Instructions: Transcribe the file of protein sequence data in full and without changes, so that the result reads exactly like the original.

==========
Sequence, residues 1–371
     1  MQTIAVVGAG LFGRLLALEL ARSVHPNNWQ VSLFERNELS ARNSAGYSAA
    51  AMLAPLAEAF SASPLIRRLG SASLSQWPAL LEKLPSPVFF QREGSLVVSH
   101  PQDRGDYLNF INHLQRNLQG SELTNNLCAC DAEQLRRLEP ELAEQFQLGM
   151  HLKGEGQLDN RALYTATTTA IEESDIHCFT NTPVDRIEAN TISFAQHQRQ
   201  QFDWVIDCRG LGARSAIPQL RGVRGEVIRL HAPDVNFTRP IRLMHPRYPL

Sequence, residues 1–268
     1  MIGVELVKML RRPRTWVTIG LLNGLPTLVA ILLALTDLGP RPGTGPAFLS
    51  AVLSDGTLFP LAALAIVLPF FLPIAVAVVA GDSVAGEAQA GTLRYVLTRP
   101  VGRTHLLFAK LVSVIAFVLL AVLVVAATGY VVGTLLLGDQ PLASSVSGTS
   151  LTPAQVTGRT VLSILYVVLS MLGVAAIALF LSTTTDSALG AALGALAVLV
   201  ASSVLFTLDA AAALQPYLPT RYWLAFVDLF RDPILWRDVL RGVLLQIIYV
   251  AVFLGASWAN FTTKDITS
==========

Sequence, residues 1–371
     1  MQTIAVVGAG LFGRLLALEL ARSVHPNNWQ VSLFERNELS ARNSAGYSAA
    51  AMLAPLAEAF SASPLIRRLG SASLSQWPAL LEKLPSPVFF QREGSLVVSH
   101  PQDRGDYLNF INHLQRNLQG SELTNNLCAC DAEQLRRLEP ELAEQFQLGM
   151  HLKGEGQLDN RALYTATTTA IEESDIHCFT NTPVDRIEAN TISFAQHQRQ
   201  QFDWVIDCRG LGARSAIPQL RGVRGEVIRL HAPDVNFTRP IRLMHPRYPL

Sequence, residues 1–268
     1  MIGVELVKML RRPRTWVTIG LLNGLPTLVA ILLALTDLGP RPGTGPAFLS
    51  AVLSDGTLFP LAALAIVLPF FLPIAVAVVA GDSVAGEAQA GTLRYVLTRP
   101  VGRTHLLFAK LVSVIAFVLL AVLVVAATGY VVGTLLLGDQ PLASSVSGTS
   151  LTPAQVTGRT VLSILYVVLS MLGVAAIALF LSTTTDSALG AALGALAVLV
   201  ASSVLFTLDA AAALQPYLPT RYWLAFVDLF RDPILWRDVL RGVLLQIIYV
   251  AVFLGASWAN FTTKDITS